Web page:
As with most things, we Brits have taken the idea of the Olympic Games spirit and added a healthy dose of cynicism to the mix. What is supposed to be the celebration of athleticism and a chance for the nation to show off is more or less viewed as a roadblock in our everyday lives. Something we just have to man up and get through rather than enjoy.
Over the last few months, if you were to ask a Londoner whether they were looking forward to the Olympics, the usual answer would either be ‘naaah, I’m getting the hell out and going to Costa Brava with the missus’ or a mumbled comment about how terrible the traffic was going to get.
Yet today, as the Olympic torch relay passed through Ealing under a rare clear blue sky, it was clear that the cynical layer had been shed along with the winter coats and Londoners were out in force to enjoy the day. We do, after all, enjoy a good party.
The double whammy of having just emerged from the queen’s jubilee ceremony and then being launched straight into the Olympic proceedings, seem to have engulfed the capital in a new wave of patriotism. These days it seems one can’t leave the house without seeing the union jack in some form or another. This may seem normal in some countries but, as long as I’ve been alive anyway, the waving of the union flag has until now mostly been done either ironically or extremely discreetly.
Long the domain of either punk bands or the uber-nationalist, the union jack has endured a period of unpopularity for as long as I can remember. For myriad reasons, it seemed to carry a weight of shame with it. It simply wasn’t cool.
All of that has been promptly forgotten. As the olympic torch was carried through my neighbourhood by a muslim woman covered head to toe in white, we waved those flags like we’d been doing it forever.
I, for one, am all for it. I’ve always secretly envied Canadian backpackers who proudly bear their maple leaf emblem, stitched onto everything they own. Perhaps now I can wear my country’s colours without people thinking I’m a fully paid-up member of the BNP.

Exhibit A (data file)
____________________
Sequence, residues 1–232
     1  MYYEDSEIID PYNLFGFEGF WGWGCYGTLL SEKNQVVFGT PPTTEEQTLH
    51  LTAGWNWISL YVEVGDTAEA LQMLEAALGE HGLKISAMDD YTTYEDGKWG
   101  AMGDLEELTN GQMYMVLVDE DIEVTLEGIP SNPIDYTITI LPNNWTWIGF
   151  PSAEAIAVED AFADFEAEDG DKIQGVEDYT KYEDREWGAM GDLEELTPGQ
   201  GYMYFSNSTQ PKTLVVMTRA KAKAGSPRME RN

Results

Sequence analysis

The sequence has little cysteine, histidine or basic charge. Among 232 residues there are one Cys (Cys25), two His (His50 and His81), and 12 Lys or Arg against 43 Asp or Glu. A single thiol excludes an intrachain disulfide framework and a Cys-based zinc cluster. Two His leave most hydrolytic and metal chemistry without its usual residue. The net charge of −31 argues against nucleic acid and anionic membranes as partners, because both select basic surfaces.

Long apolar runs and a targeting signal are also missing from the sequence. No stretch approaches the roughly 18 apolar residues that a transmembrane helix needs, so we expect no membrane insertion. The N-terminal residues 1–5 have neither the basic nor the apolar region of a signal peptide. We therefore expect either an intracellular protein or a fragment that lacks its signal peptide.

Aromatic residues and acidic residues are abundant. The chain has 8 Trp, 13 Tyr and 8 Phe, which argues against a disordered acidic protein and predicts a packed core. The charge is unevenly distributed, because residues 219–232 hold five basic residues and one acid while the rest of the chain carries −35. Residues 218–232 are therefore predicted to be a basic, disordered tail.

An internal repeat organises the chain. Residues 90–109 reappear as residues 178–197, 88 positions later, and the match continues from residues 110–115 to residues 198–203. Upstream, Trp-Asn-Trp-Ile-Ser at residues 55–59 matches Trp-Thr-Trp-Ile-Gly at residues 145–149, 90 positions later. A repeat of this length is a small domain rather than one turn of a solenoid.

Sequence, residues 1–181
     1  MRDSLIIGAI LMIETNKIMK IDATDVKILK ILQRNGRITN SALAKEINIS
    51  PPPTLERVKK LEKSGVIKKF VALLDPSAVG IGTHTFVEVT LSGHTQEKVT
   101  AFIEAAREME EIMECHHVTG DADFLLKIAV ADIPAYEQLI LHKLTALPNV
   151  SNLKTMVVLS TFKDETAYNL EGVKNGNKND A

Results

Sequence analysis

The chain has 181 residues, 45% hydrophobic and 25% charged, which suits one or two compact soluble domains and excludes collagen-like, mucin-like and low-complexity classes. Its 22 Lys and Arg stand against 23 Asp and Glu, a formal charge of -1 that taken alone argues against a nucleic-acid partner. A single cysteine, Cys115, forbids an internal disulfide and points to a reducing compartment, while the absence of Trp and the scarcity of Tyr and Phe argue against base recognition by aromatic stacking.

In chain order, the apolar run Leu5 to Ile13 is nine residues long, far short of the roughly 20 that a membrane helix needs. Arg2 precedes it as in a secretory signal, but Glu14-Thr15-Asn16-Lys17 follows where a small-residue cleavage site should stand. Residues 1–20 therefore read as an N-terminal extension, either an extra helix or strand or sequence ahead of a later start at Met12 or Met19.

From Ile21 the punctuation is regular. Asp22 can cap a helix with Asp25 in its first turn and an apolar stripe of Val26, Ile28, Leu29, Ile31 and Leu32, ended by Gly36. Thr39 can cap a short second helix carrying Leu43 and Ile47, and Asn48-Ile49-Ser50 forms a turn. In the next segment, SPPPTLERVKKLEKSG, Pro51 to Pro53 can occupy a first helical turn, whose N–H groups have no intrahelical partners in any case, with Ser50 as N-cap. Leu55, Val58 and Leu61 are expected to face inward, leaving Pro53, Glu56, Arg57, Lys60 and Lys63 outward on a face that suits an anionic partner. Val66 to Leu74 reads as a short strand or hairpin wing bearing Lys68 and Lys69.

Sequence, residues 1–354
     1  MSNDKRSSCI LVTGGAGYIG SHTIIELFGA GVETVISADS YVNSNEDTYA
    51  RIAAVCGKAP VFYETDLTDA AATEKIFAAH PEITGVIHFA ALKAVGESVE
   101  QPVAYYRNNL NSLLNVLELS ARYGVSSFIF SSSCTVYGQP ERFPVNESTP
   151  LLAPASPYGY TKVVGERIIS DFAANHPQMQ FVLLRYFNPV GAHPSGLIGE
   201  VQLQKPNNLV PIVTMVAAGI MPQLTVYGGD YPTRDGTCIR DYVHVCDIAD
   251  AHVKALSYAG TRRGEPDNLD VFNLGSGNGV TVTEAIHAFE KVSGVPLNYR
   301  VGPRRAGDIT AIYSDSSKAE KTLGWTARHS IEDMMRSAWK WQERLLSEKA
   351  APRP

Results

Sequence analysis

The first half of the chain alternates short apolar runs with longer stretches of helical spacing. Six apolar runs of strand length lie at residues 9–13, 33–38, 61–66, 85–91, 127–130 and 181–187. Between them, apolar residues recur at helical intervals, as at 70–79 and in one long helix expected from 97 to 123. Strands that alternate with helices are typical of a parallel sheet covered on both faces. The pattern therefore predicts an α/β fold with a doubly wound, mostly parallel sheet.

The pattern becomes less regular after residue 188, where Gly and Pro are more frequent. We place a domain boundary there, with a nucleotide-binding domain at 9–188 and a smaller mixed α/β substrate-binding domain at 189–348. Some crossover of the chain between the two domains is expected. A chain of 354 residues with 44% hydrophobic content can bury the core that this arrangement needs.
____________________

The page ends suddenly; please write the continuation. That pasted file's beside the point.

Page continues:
Patriotism aside, those out in Ealing tonight enjoyed the best weather of the year so far combined with an enviable community spirit that had everyone buzzing, their traffic woes and tomorrow’s jobs forgotten. The party was bolstered by local artists playing drums or break-dancing and local businesses handing out free food and drinks.
Of course, the whole thing had to be paid for by someone and the official sponsers were out in force. Llyods TSB attempted to sell their current accounts through a megaphone from their float, Coca Cola handed out free bottles and Samsung gave out some weird inflatable tubes that make a noise when you bash them together.
For a brief moment my in-bred cynicism returned as I observed that everyone was lapping up the freebies, not realising, or choosing to ignore the fact, that they were turning themselves into walking advertisements. The Samsung inflatables seemed to last about three or four bashes before they would explode and inevitably end up littering the pavement.
Any misgivings were quickly quelled though as one of the torch-bearers came by the Castle Inn, where Stacker, Fonz and I were enjoying a post-relay drink. Fonz spotted her out standing outside and I was out the door before you could say ‘Mandeville’, muscling in for the photo op of the day. As the torchbearer let me hold the torch and pose for a photo with it, I thought ‘this is the coolest thing ever!’
Sucker? Me? Never…